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Lincoln Marathon runners won't finish inside Memorial Stadium this year
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Lincoln Marathon runners won't finish inside Memorial Stadium this year

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Lincoln Marathon finish line (copy)

Runners finish the Lincoln Marathon at Memorial Stadium in 2015. This year, the finish line will be on the track at Ed Weir Stadium.

The Lincoln Marathon’s finish line will look quite a bit different from how it has in recent years.

But this change isn’t entirely pandemic-related.

Runners will cross the finish line on the track at Ed Weir Stadium, which was the race’s original finish line. Since 2010, the finish line has been on the 50-yard line inside Memorial Stadium.

The change was made because of the Husker spring game, which is set to take place the day before the race.

The Lincoln Marathon, which also includes a half-marathon, is scheduled for May 2.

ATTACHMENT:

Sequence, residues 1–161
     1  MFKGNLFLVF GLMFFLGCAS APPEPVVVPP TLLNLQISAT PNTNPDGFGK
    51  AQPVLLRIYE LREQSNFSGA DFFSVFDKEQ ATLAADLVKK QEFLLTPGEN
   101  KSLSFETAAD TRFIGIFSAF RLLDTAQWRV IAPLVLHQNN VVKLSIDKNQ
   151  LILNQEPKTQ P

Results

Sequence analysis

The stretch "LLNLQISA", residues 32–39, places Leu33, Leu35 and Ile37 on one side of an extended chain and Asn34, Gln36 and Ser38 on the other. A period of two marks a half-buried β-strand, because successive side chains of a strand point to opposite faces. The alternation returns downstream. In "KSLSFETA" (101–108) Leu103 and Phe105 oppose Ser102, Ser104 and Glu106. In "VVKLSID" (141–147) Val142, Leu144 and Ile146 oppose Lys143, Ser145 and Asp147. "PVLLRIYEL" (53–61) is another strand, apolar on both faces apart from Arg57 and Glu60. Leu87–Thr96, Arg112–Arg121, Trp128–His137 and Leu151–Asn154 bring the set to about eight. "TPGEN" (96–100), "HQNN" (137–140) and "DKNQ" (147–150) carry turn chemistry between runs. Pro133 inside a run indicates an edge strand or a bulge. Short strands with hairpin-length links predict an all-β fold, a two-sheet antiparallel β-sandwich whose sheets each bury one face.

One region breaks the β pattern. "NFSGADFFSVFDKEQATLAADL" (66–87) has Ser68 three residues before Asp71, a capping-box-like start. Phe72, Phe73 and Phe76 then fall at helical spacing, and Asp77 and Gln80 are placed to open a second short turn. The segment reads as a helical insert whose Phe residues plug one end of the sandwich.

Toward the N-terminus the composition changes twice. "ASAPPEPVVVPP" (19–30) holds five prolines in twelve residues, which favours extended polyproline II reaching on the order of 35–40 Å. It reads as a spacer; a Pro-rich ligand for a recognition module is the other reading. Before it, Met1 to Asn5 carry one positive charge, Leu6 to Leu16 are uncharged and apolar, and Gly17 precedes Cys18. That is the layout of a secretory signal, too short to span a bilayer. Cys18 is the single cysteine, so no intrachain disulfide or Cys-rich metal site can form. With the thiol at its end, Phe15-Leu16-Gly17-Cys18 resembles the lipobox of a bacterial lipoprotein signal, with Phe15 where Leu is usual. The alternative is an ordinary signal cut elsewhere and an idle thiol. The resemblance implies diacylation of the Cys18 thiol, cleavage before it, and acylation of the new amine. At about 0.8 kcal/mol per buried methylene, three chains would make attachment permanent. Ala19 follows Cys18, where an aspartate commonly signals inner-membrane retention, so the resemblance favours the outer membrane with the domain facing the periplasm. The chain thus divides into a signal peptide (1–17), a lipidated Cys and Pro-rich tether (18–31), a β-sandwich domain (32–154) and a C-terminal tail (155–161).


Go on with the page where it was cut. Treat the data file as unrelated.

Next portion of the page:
Turf renovations were going to require the same change during last year’s race. But the event transitioned to a virtual format because of the coronavirus pandemic.

The University of Nebraska-Lincoln worked with the Lincoln Track Club to help determine the new finish line, said Ryan Regnier, president of the Track Club.

“They have been supportive in helping us find an alternative, recognizing the importance of the marathon to the Lincoln community,” he said. “There is some nostalgia associated with finishing on the track since it served as the original finish line for the race.”

The rest of the 2021 course will be the same as previous years and will be certified as a Boston Marathon qualifier.

The race, which is in its 44th year, is capped at 6,000 participants. Anyone who registered for last year’s race was guaranteed entry this year.

So far, Regnier said Friday, about 3,300 runners are signed up. Registration will remain open until April 16 or until all spots are full.

Organizers are working with local health officials to help make the event safe. One change will require runners to wear masks in the starting chute and immediately after finishing the race. A virtual option is available for runners who prefer to race on their own.

Omaha World-Herald: Live Well

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